May 1999. My twin sister, Sue and I decided to explore Northern Ireland, the excuse being that it would be fun to trace our roots. Our paternal grandfather, William Dawson McClelland, was born in Belfast on the 27th May 1867. On the 21st October 1891, at the age of 24, he married Alice Mary Sayle in Barberton South Africa, so he must have left Ireland before that.
At the end of his long life, he lived with us on our farm, Sunset, at Pienaar’s River in what was then the Transvaal. He died just before his 85th birthday on the 19th May 1952. Our older sister, Denny, was 8, and we were just 6. He was a dear old boy. I remember him reading us stories. That’s me on the right.
Another memory; we were always waiting for rain on that farm, and so often he would say, longingly, “Listen….listen….I think I hear thunder”. But we felt we hardly knew him. We were keen to get more of a sense of who he was and perhaps seeing where he’d grown up would help.
Making it happen
We flew into Dublin and hired a car there. We’d decided to wing it, travelling up the east coast heading north, and just find B&Bs along the way. https://discovernorthernireland.com/ Our first stop was Belfast and we didn’t have too much trouble finding 29 Knock Road. What excitement!
We were impressed with how lovingly someone was looking after his house in 1999. It was most attractive. Nobody was home, but we took the liberty of taking photos of ourselves in front of it. We also strolled to the church nearby, where he probably worshipped. Then we headed further north into County Antrim. https://www.discoveringireland.com/antrim/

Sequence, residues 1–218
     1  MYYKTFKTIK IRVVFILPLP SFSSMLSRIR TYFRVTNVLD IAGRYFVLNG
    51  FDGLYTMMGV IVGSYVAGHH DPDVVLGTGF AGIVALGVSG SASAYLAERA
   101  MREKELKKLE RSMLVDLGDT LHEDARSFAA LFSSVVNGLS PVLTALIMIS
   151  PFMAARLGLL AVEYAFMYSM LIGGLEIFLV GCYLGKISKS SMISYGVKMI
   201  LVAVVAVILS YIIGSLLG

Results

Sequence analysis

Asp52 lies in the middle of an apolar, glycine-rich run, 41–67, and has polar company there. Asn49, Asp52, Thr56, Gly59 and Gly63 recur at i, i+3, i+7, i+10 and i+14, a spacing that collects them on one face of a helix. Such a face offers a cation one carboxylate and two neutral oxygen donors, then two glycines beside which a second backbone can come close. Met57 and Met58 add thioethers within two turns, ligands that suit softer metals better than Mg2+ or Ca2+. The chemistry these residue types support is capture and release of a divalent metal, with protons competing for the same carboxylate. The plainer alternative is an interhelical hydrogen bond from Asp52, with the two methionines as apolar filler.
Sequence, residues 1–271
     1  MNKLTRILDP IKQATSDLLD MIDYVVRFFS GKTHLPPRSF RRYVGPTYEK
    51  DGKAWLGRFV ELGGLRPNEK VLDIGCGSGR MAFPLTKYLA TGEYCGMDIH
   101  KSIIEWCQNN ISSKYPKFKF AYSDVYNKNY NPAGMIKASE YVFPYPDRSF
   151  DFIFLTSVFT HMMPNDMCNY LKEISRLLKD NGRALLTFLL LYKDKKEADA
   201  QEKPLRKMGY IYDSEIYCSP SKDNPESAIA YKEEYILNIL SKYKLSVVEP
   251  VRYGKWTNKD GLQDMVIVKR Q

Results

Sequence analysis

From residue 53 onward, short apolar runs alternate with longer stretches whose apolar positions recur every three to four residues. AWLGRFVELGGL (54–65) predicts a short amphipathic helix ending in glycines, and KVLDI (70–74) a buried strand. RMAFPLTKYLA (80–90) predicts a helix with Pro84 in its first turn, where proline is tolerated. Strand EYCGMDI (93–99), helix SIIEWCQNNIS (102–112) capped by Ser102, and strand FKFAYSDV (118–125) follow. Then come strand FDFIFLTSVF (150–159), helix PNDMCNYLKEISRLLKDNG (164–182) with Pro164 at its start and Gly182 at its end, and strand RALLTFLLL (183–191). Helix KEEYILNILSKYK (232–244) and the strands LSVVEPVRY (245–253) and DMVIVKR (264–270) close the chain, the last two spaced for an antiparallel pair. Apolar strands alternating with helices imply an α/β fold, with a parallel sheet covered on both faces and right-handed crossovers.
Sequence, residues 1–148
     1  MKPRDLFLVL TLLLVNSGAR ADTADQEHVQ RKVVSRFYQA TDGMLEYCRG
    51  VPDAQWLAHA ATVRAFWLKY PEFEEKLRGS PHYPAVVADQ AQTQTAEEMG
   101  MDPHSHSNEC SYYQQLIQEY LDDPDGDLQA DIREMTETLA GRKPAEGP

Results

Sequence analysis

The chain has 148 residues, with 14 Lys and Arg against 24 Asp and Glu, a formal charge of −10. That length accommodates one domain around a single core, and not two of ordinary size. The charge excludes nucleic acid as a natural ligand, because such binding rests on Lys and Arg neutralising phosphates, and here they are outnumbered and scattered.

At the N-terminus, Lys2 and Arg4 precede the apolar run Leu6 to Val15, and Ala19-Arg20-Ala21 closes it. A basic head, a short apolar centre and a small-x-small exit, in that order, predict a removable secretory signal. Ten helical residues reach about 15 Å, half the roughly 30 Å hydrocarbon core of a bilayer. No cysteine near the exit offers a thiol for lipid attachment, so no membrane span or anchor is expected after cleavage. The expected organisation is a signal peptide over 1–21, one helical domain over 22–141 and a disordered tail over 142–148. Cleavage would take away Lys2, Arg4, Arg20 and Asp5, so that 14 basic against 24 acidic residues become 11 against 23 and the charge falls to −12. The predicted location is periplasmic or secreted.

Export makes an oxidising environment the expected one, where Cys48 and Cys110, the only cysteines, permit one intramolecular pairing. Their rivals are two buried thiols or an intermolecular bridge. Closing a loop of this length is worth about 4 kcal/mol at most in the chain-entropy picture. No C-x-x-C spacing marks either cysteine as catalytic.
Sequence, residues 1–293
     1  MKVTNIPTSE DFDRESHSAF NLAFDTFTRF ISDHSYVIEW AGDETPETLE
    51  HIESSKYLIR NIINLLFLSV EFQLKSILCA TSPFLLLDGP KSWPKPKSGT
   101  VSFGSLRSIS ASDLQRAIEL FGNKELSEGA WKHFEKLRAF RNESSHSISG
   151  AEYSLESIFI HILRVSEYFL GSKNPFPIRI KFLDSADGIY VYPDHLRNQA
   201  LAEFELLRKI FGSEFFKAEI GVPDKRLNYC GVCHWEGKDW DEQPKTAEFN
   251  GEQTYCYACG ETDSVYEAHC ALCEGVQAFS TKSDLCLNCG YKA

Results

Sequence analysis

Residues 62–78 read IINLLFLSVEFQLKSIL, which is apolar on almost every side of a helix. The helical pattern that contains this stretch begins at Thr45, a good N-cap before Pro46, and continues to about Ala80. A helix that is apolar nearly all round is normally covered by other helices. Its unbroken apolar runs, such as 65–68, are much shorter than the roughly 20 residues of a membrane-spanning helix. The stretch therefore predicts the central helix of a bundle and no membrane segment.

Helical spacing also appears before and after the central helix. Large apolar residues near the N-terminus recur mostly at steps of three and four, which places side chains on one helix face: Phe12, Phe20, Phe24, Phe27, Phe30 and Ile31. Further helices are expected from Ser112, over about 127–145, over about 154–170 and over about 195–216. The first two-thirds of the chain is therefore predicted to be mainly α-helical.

It was all so beautiful. The gorse was in flower, bright patches of yellow everywhere against the luscious emerald green of the Irish countryside. To make it even more picturesque, there were gorgeously fat woolly white sheep with comical black faces dotting the hillsides. I just had to get a photograph or two.
The road was narrow and winding, so stopping anywhere was risky, as it wasn’t easy to pull right off the road. Sue was driving. She pulled over as best she could but the good spot for a photo was a bit ahead. I thought it best to run. I was looking at the sheep ahead, not where I was heading, or at my feet. I tripped, splat, fell flat on my face. Sue laughed out loud. Said I looked like a cartoon cardboard cut-out figure, spreadeagled on the road. I got my photo but also some nasty roasties on my hands and knees. Was it worth it? I don’t think so. The memory is far more vivid and appealing than the photo I took….!
Look out for a future post on this Northern Ireland trip.